What I’d like to do is get a completely unscientific sampling of homeschooling parents’ scores from the test. If y’all would be so kind as to take the quiz and then post your numerical scores via comment (you can post anonymously), I would be sorely in your debt. Thanks.

    And, feel free to pass this along if you wish. The quiz is at http://www.theadvocates.org/quiz.html and a direct link to the comments section is http://www.cobranchi.com/cgi-bin/mt/mt-comments.cgi?entry_id=2448


    Filed on January 19, 2004 at 2:04 pm under by dcobranchi

    How else to explain this quote from the Wall Street Journal?

    “Question: Do your children attend public or private schools?

    “Answer: Public schools. Public school education in this country is excellent. I’m tired of right-wing politicians bashing the public school system whose failures are often due to lack of attention to early childhood education between the ages of zero and three.”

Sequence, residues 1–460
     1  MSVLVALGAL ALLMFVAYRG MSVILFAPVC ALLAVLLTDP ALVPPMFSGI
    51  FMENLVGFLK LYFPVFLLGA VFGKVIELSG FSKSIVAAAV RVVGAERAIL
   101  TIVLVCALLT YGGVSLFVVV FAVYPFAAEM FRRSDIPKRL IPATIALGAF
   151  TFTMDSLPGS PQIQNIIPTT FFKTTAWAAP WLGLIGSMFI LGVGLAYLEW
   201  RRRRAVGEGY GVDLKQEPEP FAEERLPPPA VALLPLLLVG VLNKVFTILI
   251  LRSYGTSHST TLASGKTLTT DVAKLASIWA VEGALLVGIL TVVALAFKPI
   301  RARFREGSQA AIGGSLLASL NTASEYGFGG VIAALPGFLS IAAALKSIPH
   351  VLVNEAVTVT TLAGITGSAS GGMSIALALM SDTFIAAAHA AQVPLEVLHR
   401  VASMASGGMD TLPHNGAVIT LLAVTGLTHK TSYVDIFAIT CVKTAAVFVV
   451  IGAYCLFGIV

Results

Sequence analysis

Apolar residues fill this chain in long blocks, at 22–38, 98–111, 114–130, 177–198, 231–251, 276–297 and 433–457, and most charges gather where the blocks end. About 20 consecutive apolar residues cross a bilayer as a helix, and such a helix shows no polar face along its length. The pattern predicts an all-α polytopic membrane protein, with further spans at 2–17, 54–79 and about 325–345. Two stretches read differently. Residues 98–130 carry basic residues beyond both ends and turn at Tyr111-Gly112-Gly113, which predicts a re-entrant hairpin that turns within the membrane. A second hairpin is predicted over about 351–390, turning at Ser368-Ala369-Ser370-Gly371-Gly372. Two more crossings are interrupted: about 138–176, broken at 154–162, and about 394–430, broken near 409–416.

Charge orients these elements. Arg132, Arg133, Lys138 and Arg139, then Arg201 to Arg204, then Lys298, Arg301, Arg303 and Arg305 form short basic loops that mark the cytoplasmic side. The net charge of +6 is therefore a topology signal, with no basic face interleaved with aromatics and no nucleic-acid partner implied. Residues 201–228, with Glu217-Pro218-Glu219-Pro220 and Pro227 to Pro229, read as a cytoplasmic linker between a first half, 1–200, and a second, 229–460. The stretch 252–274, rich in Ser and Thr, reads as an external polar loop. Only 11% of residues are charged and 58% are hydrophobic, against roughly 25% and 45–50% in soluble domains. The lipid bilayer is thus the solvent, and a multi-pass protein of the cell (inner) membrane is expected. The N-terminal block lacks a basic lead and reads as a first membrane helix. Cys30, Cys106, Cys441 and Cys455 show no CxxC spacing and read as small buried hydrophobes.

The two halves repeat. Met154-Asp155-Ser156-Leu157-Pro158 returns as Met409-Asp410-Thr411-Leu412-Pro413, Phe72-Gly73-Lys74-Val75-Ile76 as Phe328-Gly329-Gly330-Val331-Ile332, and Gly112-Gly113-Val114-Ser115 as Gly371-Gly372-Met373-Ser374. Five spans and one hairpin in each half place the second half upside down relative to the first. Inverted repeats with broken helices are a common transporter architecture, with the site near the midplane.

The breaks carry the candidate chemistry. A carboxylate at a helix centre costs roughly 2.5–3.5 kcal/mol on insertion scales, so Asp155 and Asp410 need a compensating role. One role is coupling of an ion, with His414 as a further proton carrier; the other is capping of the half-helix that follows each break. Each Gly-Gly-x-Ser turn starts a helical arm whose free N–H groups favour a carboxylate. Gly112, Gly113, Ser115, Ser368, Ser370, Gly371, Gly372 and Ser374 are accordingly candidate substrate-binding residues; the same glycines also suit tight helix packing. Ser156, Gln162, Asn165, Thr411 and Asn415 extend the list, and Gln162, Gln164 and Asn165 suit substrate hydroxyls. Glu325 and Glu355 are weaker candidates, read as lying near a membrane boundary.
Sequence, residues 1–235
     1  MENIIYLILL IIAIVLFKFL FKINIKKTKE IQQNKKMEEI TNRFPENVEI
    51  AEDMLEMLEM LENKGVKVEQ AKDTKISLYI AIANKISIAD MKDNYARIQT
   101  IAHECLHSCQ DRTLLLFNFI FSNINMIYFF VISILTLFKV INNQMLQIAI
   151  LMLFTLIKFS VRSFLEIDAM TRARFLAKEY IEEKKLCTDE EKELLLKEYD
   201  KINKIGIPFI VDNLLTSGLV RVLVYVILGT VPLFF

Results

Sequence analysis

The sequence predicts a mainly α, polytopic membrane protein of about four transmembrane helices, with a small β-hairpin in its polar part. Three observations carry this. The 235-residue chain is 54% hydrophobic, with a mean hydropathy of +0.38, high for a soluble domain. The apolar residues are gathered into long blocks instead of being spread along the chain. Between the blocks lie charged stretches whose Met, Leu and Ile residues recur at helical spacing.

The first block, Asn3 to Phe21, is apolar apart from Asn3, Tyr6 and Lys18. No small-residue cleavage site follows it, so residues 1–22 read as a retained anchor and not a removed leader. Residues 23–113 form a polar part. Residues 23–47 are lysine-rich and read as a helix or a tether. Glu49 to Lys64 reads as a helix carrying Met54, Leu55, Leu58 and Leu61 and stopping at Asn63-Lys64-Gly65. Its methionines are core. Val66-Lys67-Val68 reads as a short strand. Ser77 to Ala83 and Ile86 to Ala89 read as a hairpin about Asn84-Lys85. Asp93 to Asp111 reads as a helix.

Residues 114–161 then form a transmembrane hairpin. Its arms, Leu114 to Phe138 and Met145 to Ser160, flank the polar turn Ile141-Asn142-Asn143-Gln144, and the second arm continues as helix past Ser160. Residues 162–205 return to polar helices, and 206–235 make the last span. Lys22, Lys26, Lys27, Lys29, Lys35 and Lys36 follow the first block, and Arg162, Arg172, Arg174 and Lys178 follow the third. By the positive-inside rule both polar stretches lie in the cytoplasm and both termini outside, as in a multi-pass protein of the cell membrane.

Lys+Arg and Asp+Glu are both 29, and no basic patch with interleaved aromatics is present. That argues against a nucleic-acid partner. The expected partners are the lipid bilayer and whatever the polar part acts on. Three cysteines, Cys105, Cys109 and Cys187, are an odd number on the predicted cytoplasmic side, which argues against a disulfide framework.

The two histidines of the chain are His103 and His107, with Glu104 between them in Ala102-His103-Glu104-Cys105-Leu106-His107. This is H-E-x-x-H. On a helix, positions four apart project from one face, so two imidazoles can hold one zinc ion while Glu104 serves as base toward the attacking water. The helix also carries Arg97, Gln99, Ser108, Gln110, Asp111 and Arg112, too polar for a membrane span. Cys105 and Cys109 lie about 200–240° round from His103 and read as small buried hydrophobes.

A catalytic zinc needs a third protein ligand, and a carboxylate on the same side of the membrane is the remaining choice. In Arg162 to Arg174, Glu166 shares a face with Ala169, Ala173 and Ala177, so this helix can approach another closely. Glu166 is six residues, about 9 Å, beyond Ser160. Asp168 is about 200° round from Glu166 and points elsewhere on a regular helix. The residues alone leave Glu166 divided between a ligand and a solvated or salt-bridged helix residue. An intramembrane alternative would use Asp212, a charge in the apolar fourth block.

If Dean gets the nomination, expect to see some kind of proposal for “voluntary” public pre-K education for all. Of course, voluntary would eventually morph into compulsory. And, we’d all be paying higher taxes to pay for the “free” babysitting. I’ve said it before, his early childhood education statements are downright scary. (Hat tip to Skip Oliva)


    Filed on at 9:23 am under by dcobranchi

    The Salem Co. (NJ) Today’s Sunbeam (yes, that really is the name of a small daily paper in South Jersey) has a nice profile of an MK (Missionary’s Kid) who was homeschooled from fourth-grade on.